WWII Shipwreck Not Exactly Doing No Harm

It sank in 1942, but the V-1302 John Mahn continues to pollute the North Sea
By Kate Seamons,  Newser Staff
Posted Oct 19, 2022 12:16 PM CDT
WWII Shipwreck Not Exactly Doing No Harm
Torn deck plating of the V 1302 John Mahn that was damaged by the bomb that hit amidships.   (VLIZ)

The British Royal Air Force bombed the V-1302 John Mahn on Feb. 12, 1942, sending it to its watery grave in the North Sea. But the ship is not slumbering silently. A study published in Frontiers in Marine Science has found the wreck continues to leak hazardous pollutants and impact its nearby marine environment some 80 years on, proving "a historic shipwreck can still significantly steer the surrounding sediment chemistry and microbial ecology." CNN reports the researchers analyzed samples taken from the ship's steel hull as well as from the sediment around it. Heavy metals, explosive compounds, and polycyclic aromatic hydrocarbons—naturally occurring chemicals found in crude oil and gasoline—were detected, with concentrations higher nearer the ship.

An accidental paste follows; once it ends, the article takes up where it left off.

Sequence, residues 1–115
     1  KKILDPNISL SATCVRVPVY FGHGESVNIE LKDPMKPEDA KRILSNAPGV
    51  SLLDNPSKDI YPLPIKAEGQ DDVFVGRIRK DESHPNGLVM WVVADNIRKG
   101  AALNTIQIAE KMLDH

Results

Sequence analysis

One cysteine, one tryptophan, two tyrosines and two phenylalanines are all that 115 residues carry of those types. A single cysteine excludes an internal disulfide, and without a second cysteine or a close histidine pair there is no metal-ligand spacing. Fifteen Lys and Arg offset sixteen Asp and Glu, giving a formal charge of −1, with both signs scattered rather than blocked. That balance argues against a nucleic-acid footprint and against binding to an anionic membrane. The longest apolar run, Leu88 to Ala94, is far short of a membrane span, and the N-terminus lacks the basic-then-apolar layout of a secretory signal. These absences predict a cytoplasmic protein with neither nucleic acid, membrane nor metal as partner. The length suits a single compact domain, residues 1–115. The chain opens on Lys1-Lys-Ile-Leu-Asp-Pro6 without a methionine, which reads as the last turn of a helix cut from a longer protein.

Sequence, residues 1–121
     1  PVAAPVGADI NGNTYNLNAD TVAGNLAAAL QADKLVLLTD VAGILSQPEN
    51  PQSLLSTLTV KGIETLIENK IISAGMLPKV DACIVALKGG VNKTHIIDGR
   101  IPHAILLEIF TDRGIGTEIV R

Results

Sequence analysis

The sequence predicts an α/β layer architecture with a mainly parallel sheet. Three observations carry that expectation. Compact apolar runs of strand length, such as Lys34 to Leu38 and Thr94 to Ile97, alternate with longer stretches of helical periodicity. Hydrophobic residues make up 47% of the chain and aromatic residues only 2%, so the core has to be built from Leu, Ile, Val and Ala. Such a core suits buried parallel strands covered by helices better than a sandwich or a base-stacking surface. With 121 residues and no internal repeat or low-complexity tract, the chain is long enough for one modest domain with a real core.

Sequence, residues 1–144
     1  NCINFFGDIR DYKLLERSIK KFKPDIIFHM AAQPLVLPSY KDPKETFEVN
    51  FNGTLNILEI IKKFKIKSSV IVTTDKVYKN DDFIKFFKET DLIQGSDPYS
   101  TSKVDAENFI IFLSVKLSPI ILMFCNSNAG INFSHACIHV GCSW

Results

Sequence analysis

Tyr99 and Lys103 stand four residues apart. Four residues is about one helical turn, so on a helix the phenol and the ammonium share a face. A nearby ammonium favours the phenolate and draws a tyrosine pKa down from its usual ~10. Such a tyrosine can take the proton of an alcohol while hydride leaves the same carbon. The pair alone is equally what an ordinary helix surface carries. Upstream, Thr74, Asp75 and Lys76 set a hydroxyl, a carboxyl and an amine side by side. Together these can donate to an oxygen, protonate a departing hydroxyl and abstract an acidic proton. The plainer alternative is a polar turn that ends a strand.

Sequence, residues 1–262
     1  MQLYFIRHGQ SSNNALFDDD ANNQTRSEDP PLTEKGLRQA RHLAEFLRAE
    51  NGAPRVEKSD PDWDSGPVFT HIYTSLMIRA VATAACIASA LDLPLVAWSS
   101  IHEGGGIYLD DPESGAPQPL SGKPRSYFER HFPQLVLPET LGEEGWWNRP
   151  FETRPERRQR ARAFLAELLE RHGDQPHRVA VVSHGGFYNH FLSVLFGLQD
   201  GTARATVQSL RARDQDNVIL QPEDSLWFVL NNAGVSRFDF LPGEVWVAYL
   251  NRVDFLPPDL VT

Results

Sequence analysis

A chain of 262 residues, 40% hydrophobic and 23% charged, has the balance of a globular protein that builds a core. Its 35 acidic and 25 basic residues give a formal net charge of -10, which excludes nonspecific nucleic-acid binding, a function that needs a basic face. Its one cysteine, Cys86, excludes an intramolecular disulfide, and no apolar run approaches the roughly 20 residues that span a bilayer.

The highest metal and metalloid concentrations were identified in the sample taken outside the coal bunker, with nickel, copper, and arsenic identified, per the study. "The general public is often quite interested in shipwrecks because of their historical value, but the potential environmental impact of these wrecks is often overlooked," study author Josefien Van Landuyt notes in a press release, which adds that there is a lack of information about the location of these wrecks. And yes, wrecks plural: There are thousands at the bottom of the North Sea, and it's estimated that WWI and WWII shipwrecks across the planet collectively hold as much as 20.4 million tons of petroleum products.

Van Landuyt suggests it's possible the problem has worsened, not improved, with time, as corrosion can cause holes to develop in the ship, potentially opening formerly enclosed spaces, reports Gizmodo. "As such, their environmental impact is still evolving," notes Van Landuyt. She acknowledges her team explored the impact of "one ship, at one depth, in one location. To get a better overview of the total impact of shipwrecks on our North Sea, a large number of shipwrecks in various locations would have to be sampled." (More discoveries stories.)

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